However, there are exceptions. What drew me to this particular offering, this large flat envelope—I find significance in the page not folded, the document of such value that it cannot be tampered with, altered to fit through the thin slot of the mailbox, that its contents are of such import that they need be taken by hand to the postmaster and left in his care for quickest delivery—what interested me about this well-typed tome was the willingness of its author to transcend, to flirt, outside her chosen category or group.
Among our kind what annoys me most is the unwillingness to explore, or even acknowledge, an attraction other than one's own. We—like the unaffiliated—act as though our pleasure palace is superior, as though no other exists. This lack of appreciation for the larger world of activity causes a sadness in me that damn near ruins the whole thing. Why not celebrate the full range? That she too, raised this question is perhaps near the root of my attraction to her—that and the fact of her attraction to him, attraction to telling me, the way she reminded me of my beloved Alice. And to be honest, I don't get much mail from girls. I immediately write back a short introductory note: "Most interesting. Please do send a photograph of yourself as it would help me to understand better."
She responded with a note of her own. "Fuck photos. What are you, a pervert?"
Caught again. Returned to my humbleness, my place.
"Yes, dear," I jot back on a plain white card.
I had hoped that in a photograph of her I might find some part I could enjoy, some piece still a child—there often is a little something left until one is well into the second or even third decade. Sometimes it's just the chin, a bit of the neck, or the lobe of the ear. Sometimes there is one perfect sliver that has thus far gone unmarked. From that, I am able to go on, focusing on the place, that segment of youth, filling in the rest, whatever is needed, from my memory of how it once was. But now I am getting ahead of myself.
Call me old-fashioned in that my concentration here is on an arrangement that according to many of my peers has long since passed. My fellow esthetes in this great colony of philes insist that I am a classicist. I'm interested in the coupling that throughout history has propagated the human race. I realize that for many the real interest, the contemporary current, is what some consider the greatest refinement, the linkage of related parties either by marriage, familial bonds, or the nearness and dearness of the same sex—the mind-bending adjustments, fascinating alterations, and gesticulations associated with the pairing of two like objects. But I ask that you bear with me, that you allow for this reconsideration of the more traditional of our species. All will not be lost.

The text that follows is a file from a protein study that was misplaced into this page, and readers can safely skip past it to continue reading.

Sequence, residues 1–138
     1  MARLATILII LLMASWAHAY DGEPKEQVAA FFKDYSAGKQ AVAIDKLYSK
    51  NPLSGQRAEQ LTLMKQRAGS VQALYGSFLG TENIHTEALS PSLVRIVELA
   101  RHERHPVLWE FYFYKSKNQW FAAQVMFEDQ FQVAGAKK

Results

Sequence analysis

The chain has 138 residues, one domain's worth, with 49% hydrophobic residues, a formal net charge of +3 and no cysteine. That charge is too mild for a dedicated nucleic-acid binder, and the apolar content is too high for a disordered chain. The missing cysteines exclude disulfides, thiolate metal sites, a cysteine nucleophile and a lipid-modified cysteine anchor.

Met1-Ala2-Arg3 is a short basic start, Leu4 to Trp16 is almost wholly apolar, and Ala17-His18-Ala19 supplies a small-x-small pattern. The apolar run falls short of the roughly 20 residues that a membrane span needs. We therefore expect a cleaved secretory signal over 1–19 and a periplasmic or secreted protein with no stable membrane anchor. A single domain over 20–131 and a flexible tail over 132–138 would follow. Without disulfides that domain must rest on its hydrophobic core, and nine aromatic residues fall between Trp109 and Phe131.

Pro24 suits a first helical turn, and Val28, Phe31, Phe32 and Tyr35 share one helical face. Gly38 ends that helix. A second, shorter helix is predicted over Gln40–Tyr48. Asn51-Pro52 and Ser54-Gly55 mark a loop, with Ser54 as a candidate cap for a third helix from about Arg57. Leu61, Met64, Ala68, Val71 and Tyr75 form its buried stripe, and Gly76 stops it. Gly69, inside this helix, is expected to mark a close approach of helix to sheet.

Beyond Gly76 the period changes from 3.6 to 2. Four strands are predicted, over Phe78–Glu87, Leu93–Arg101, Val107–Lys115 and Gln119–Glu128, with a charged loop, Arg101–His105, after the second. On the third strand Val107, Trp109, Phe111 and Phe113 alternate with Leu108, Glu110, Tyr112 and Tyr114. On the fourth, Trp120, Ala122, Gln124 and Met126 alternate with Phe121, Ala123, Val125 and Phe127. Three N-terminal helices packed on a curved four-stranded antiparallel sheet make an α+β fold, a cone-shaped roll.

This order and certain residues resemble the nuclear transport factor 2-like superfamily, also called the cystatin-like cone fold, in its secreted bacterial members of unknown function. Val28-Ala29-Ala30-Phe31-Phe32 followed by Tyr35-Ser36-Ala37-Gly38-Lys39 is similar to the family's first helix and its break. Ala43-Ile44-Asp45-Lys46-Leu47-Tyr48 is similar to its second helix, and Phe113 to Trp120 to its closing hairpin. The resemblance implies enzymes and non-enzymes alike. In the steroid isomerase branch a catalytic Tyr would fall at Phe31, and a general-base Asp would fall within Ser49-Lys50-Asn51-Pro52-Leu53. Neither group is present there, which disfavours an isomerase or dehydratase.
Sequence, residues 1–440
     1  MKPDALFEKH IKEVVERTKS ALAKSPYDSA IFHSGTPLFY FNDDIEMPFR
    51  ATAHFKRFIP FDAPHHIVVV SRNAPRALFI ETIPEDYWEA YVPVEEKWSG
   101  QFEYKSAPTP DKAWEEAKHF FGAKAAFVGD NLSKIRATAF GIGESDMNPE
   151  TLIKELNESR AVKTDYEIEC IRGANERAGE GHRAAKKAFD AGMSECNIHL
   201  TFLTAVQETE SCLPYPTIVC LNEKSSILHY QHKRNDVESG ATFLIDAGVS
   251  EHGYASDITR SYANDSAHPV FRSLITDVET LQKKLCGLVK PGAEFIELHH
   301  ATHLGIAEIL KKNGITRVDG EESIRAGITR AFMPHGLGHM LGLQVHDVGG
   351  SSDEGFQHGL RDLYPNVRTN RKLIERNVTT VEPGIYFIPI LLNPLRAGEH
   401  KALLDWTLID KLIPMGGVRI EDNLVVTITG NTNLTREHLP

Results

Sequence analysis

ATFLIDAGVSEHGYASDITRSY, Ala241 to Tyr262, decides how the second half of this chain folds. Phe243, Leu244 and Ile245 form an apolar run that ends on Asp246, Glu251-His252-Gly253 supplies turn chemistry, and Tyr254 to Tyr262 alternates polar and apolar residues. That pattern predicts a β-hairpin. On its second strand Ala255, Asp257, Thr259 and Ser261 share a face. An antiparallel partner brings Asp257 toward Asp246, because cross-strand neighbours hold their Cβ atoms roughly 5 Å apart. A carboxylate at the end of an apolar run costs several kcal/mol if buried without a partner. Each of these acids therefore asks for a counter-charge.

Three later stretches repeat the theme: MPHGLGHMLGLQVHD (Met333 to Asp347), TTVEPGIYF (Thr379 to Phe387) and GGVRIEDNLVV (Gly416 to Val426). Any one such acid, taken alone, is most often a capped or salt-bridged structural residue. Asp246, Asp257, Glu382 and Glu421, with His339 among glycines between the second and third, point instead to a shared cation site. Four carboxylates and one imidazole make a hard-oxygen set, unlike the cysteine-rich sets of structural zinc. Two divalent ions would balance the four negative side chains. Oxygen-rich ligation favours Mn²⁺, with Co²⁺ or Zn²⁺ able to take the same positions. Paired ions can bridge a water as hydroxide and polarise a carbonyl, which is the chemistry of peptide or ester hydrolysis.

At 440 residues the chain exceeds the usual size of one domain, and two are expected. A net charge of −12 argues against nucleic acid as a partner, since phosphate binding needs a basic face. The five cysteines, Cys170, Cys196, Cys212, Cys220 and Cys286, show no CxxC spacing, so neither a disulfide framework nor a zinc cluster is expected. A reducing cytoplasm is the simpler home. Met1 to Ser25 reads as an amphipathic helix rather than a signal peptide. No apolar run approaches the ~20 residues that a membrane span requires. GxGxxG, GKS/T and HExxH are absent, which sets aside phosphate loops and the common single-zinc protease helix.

She writes: The way you talk is so peculiar—did you go to school in England? Or is it a speech impediment? One of my friends had to have a "talking tutor" all the way through high school.
I answer: University of Virginia, B.A., 1961. The speech impediment is an affectation.
Before continuing I must also ask that you excuse the idiosyncrasies of my sound, of my thought, for I so rarely speak these days that all I do say seems to hurl itself forward, collecting references, attachments to both past and present as it goes. My access to society is limited, making what does filter through so much more dear, filled with import and meaning. I am often moved to tears, or worse, or more. Here, too, I could go on, I do go on, but it is best if we stick to the story at hand, that being hers not mine. Mine, all too familiar; mine, now a life of late nights in my room, cot against the wall, color television set—a gift from an anonymous admirer—on a distant chair, the spectral color wheel of light radiating across the white walls, throwing shadows into the stillness of night. Alone, I watch with the plug of a headphone pressed into my ear, and then sometimes I have company—I share my set with Clayton, a Princeton boy cum murderer, well adjusted, having taken the prison fantasy to heart. We have cable here, stolen in from a wire in the hall, working well when the winds are right. The volume is kept low, lest the keepers hear our groans, our howls, our tears, and take the toy away. We sit perched on the edge of the cot and watch: Voyeur Visions, Nude Talk Show, Robyn Byrd, ads for outcalls, Dial 970-Peee (the extra e stands for extra pee), Chicks with Dicks. And lest I sound like a hypocrite, I am horrified, breathless. For the first time I feel my age, as weak bones and heartbreak. But I am drawn to these things, that is the nature of my disease, to be drawn to far too many things. And I am horrified and I am sad.